Figure 3.

(a–d) Lateral testing method [31].

Current tests in development utilize polyclonal antibodies that can bind to hemoglobin S, C, A and F. The result is a single test line for each specific hemoglobin (identifying the presence of that particular hemoglobin). Importantly, this type of test is electricity/battery free, can be performed with capillary whole blood that does not require centrifugation and produces rapid results. Because lateral flow tests can demonstrate the result of more than one hemoglobin at a time, these devices can also detect heterozygotes (patients carrying two or more distinctive hemoglobin or patients who have been transfused with a differing hemoglobin).

4.5. HemeChip (micro‐electrophoresis assay)

The newest published device for point‐of‐care testing in SCD is a small version of a hemoglobin electrophoresis. Minimal amount of blood (from a capillary stick) is required and placed on a piece of cellulose paper in alkaline buffer. The paper is then inserted into a device (Figure 4) that houses a micro‐engineered plastic chip for cellulose acetate electrophoresis and uses a battery powered electric field to separate hemoglobin based on charge as described in standard hemoglobin electrophoresis. The result requires image quantitation using an intensity‐based application on a mobile phone image. Results validated against standard EP and HPLC with correlation >0.96 for all hemoglobin tested including the ability to distinguish Hb F, S, C, A, D. This test utilizes the principles of electrophoresis to detect and distinguish hemoglobin based on the traveling distance from the sample application point and displays quantitative % hemoglobin fractions. A web‐based image processing application for automated and objective quantification of HemeChip results at the POC using cloud computing resources [33].

Figure 4.

(a–c) Hemechip [33].

5. Discussion

Multiple point‐of‐care tests are currently in development for the identification of sickle cell disease at the point of care. It is important for confirmatory hematology testing, a multiplex device should be available for clinicians to make proper clinical assessments. As discussed, the device and method must distinguish target hemoglobin from interfering substances in blood that cause false‐positive or negative results. It is clear that the pathophysiology of SCD, specifically the point mutations in the genome leading to the hemoglobin expression and the polymer formation that occurs upon cellular dehydration have been well utilized in the design of these testing devices. The optimal testing method will be the device that can produce at the lowest cost, easily utilized in a low‐resource setting, with easy‐to‐interpret results and low false‐negative results.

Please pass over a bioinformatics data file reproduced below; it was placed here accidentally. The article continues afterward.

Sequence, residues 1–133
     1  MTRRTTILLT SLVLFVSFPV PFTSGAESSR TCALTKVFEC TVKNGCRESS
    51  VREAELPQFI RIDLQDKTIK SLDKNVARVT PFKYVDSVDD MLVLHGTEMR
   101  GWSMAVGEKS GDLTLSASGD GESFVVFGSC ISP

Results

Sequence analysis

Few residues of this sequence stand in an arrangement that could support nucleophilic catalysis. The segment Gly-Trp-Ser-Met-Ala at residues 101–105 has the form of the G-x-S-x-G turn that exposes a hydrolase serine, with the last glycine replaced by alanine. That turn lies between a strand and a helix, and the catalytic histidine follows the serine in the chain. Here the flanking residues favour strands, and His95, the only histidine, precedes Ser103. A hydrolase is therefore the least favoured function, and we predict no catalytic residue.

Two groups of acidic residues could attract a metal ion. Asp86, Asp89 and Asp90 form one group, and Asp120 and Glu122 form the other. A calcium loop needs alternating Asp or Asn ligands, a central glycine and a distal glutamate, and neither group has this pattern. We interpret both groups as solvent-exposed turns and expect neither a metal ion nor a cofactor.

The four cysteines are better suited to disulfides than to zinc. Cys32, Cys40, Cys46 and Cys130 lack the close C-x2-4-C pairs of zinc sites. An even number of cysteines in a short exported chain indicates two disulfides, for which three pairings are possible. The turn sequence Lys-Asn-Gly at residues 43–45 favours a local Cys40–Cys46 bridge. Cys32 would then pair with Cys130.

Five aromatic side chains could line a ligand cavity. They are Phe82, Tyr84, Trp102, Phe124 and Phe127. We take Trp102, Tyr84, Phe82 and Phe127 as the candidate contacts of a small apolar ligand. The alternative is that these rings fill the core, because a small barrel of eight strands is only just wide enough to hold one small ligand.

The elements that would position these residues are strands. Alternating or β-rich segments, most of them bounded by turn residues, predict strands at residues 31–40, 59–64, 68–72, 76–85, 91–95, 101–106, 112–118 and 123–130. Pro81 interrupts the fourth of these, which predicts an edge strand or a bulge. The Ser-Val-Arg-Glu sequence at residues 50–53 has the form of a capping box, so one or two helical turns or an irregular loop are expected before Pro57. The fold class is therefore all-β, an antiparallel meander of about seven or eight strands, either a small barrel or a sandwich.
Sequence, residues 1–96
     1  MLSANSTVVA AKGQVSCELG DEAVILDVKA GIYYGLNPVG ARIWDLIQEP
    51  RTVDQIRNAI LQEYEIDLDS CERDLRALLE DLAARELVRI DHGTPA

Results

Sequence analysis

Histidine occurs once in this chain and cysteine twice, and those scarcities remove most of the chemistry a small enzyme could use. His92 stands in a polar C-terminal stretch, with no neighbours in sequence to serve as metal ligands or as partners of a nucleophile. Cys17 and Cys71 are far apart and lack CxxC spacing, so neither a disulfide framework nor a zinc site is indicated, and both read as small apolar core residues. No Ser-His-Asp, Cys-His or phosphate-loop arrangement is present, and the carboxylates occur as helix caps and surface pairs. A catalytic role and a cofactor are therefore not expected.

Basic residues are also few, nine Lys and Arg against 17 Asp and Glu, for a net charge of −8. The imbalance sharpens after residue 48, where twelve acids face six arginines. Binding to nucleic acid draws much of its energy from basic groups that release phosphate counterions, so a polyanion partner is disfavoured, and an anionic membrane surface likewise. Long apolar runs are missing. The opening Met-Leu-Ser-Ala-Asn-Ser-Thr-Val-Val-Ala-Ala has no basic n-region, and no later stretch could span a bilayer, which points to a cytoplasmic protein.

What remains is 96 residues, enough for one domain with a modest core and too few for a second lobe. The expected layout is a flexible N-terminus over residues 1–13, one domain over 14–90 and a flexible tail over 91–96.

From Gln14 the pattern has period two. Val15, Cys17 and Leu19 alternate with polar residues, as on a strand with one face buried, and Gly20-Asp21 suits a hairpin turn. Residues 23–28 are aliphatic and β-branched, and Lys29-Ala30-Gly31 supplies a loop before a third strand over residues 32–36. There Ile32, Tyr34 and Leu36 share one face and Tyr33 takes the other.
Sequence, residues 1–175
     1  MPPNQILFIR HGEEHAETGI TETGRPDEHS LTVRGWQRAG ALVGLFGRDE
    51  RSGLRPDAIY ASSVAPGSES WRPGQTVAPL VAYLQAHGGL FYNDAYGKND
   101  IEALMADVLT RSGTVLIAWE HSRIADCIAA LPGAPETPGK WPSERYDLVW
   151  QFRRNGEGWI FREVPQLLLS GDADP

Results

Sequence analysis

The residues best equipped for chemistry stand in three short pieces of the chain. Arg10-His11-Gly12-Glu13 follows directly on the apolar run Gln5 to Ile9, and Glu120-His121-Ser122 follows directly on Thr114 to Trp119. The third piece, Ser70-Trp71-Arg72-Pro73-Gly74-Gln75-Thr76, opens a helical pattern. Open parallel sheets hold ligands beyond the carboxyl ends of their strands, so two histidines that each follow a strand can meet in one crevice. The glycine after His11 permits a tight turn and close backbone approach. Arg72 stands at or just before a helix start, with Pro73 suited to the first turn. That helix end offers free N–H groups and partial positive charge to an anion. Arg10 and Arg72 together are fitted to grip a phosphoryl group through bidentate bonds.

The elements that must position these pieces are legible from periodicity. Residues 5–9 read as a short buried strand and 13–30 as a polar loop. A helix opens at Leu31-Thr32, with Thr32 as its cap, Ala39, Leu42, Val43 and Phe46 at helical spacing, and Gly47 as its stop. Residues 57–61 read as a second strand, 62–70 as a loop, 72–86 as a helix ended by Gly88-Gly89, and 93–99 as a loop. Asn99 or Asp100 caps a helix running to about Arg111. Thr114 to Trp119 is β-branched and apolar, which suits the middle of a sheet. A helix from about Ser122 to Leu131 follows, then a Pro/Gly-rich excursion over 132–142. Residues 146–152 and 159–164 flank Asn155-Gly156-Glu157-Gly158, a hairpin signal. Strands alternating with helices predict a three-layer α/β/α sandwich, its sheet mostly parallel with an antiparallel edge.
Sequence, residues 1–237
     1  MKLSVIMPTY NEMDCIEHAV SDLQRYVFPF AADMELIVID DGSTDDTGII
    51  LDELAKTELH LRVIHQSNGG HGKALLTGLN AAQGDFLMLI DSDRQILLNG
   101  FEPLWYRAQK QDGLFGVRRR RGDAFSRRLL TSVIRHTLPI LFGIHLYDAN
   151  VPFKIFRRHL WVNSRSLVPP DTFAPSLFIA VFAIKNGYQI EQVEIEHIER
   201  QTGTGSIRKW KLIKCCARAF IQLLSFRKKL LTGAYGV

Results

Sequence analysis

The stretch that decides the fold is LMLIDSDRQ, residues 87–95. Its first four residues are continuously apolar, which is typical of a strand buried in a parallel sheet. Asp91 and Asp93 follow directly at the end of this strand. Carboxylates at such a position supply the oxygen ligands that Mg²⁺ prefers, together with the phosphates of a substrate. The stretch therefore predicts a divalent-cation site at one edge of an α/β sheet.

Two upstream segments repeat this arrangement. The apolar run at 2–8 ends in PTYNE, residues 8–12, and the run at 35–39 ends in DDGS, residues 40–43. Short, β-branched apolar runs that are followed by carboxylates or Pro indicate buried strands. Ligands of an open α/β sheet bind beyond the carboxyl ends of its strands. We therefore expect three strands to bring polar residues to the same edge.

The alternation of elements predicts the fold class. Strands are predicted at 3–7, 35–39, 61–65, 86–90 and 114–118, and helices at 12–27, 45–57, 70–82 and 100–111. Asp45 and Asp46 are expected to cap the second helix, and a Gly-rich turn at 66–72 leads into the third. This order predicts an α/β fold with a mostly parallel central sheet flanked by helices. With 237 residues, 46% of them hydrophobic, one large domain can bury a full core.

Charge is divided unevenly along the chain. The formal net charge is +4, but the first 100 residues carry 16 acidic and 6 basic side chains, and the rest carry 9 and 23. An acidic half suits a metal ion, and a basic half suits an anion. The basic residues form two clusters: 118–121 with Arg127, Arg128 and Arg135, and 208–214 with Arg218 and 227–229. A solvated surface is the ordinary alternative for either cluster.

Based on the testing method described above, the lateral flow test is currently the most easily utilized in the field without requiring specialists for interpretation. This test has the capacity to clearly distinguish the majority of hemoglobin within a rapid period of time. However, it is unclear whether lateral flow tests will be cost prohibitive for widespread use. Alternatively, the Hemechip provides an excellent method for sickle cell disease confirmation also easily utilized in point‐of‐care settings although the interpretation requires additional skill as well as the use of mobile phone and internet access.

6. Conclusions

There are significant therapeutic and diagnostic health disparities that exist between SCD and other, inherited and acquired health conditions. Recent literature demonstrates that point‐of‐care diagnostics for sickle cell disease are feasible and accurate. Thus, it is hopeful that novel point‐of‐care diagnostics will change the screening paradigm for some areas in which central lab testing is not available.


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Julie Kanter (November 10th 2016). Point‐of‐Care Testing in Sickle Cell Disease, Sickle Cell Disease - Pain and Common Chronic Complications, Baba Psalm Duniya Inusa, IntechOpen, DOI: 10.5772/64862. Available from: